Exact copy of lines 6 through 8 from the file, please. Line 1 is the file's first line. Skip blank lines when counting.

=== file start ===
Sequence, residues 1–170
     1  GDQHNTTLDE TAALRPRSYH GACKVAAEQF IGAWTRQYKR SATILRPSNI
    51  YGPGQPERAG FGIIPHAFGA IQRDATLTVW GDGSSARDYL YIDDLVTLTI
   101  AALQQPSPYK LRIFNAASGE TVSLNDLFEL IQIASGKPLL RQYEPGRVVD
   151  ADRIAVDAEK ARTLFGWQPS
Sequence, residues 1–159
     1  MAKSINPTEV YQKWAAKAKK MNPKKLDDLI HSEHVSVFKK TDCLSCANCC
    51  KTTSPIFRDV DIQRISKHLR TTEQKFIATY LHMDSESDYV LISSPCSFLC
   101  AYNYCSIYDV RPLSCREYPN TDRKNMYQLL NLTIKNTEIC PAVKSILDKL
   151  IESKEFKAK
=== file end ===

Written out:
Sequence, residues 1–159
     1  MAKSINPTEV YQKWAAKAKK MNPKKLDDLI HSEHVSVFKK TDCLSCANCC
    51  KTTSPIFRDV DIQRISKHLR TTEQKFIATY LHMDSESDYV LISSPCSFLC